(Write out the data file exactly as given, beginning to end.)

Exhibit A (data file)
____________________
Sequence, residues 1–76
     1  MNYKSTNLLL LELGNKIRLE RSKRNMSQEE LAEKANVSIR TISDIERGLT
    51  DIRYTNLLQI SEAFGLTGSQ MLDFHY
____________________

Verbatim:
Sequence, residues 1–76
     1  MNYKSTNLLL LELGNKIRLE RSKRNMSQEE LAEKANVSIR TISDIERGLT
    51  DIRYTNLLQI SEAFGLTGSQ MLDFHY